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Interest Age 5-8 When is a fib not a fib, asks Ros Asquith in this wise and funny little story for Barrington Stoke’s Little Gems series. Robbie is six, and still learning how the world of grown-ups works. He loves his Uncle Poached Egg and believes all his stories of mermaids and pirates. Told that his uncle is a fibber, he decides to follow in his footsteps: he tells his mum he’s going to a friends for tea after school but instead goes to play by the burn. When his mum realises he’s missing, panic breaks out. All ends well though Robbie has a soaking in the burn. Robbie’s eye-view of the world is beautifully expressed though Ros Asquith’s words and Mairi Hedderwick’s lovely colour illustrations. One of Barrington Stoke’s Little Gems series the book is accessible to all children, including those with dyslexia.
About the Little Gems series: Little Gems are in a gorgeous new chunky format, with high-spec production including coloured endpapers and jacketed flaps with activities. Additional features include high quality cream paper, Barrington Stoke font and illustrations on every page. They are perfect for 5-8's. These quality stories promote good reading practice for all newly independent readers.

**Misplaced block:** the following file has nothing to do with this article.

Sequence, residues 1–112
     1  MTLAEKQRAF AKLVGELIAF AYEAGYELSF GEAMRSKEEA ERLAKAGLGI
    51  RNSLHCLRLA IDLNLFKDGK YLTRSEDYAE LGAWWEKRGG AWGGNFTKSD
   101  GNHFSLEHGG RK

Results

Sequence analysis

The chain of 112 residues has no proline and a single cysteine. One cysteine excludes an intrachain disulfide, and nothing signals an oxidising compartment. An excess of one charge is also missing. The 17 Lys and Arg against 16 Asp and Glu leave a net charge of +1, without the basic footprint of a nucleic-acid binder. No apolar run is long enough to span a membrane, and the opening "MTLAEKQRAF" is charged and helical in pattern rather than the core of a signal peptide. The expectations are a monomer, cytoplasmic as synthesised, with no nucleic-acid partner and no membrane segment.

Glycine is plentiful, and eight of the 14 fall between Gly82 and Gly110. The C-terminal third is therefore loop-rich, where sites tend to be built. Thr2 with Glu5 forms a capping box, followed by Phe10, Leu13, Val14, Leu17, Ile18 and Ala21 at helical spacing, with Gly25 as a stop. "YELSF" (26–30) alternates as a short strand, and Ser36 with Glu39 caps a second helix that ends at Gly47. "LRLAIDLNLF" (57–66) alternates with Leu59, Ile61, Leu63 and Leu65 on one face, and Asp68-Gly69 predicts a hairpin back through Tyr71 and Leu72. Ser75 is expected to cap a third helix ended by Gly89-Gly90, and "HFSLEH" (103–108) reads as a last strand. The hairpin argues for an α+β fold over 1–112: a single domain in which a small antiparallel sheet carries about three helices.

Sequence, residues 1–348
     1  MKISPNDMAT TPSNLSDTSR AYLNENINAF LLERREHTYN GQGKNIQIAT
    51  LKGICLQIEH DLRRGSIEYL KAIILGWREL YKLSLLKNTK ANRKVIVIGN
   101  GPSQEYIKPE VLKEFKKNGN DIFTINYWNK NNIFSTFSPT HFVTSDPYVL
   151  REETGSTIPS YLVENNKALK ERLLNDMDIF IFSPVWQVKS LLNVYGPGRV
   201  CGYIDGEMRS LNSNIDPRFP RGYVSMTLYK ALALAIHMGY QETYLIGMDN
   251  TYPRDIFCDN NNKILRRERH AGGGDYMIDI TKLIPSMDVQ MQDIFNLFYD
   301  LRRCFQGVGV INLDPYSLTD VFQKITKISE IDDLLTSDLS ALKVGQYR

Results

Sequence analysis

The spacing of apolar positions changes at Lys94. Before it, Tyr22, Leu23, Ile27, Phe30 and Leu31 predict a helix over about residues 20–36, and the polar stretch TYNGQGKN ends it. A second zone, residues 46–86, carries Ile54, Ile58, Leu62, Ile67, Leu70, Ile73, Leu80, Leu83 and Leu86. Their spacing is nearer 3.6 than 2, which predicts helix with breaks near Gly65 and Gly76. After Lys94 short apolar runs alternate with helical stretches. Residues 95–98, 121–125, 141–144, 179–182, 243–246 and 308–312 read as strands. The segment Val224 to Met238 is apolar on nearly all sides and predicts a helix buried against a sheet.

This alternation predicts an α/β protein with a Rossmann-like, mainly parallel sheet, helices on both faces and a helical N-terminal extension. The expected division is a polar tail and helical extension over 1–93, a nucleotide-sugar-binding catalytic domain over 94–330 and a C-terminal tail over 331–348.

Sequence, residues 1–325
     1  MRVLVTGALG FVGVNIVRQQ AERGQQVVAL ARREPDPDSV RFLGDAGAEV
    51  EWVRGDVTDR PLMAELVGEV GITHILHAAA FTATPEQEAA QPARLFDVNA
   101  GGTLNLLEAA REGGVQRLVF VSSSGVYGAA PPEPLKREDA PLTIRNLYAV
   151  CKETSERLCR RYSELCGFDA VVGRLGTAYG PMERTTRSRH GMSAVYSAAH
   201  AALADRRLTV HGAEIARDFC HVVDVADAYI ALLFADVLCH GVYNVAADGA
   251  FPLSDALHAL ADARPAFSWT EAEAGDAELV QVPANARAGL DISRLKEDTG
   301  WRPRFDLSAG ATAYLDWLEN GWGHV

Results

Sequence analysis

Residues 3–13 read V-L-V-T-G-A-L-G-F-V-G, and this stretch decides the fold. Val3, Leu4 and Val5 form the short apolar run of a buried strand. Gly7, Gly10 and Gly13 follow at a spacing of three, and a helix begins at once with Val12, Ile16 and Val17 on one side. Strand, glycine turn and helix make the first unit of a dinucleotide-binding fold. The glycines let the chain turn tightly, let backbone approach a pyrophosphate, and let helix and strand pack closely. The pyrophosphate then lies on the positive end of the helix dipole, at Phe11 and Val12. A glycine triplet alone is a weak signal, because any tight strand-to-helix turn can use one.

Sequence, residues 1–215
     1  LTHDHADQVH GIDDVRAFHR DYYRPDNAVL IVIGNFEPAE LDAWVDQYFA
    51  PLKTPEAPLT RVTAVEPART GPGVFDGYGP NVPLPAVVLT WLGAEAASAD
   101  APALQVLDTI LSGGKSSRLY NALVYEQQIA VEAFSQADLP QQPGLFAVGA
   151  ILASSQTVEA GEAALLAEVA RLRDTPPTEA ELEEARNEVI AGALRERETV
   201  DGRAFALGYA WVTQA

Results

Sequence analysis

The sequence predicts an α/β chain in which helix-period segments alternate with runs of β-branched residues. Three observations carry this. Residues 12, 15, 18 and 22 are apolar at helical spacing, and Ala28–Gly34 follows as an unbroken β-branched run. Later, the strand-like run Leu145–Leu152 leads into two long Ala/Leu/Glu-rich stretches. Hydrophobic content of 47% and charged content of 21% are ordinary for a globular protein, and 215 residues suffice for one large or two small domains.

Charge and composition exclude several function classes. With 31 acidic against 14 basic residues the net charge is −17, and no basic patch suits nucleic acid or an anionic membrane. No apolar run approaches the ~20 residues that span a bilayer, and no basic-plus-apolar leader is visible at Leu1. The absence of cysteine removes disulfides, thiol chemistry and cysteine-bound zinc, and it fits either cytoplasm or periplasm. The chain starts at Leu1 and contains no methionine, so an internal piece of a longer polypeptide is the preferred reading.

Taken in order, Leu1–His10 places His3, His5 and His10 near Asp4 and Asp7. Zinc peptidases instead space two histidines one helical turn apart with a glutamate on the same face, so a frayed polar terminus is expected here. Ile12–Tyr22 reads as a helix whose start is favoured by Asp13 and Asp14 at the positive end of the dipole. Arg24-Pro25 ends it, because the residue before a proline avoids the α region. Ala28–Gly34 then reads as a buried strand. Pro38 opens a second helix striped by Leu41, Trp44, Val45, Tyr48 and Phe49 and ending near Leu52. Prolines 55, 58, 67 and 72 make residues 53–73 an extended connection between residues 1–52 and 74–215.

A charming story set on a Scottish island about one boy and a fib that gets out of control...
Robbie's been spending lots of time with Uncle Poached Egg who has the bad habit of exaggerating a lot of his stories. When Robbie gets caught up in a fib of his own, it's bound to spell trouble! Light-hearted tale about the dangers of telling fibs with full colour illustrations from Katie Morag creator, Mairi Hedderwick.
High quality cream paper and a special easy-to-read font ensure a smooth read for all.
|Publication date:||15th March 2015|
|Publisher:||Barrington Stoke Ltd|
|Suitable for:||5+ readers, 7+ readers|
Ros Asquith contributes a regular cartoon feature to The Guardian and achieved fame world wide for her Teenage Worrier books (realistic and funny explorations of teen problems and how to solve them) and the Trixie Tempest books aimed at the "tween" market of readers between the ages of nine and twelve. Her book Letters from an Alien Schoolboy was shortlisted for the Roald Dahl Funny Book Prize and The Great Big Book of Families, with Mary Hoffman, won the School Libraries Association Prize. An honours graduate of Camberwell Art School, Asquith worked in graphic design and mural painting before ...More About Ros Asquith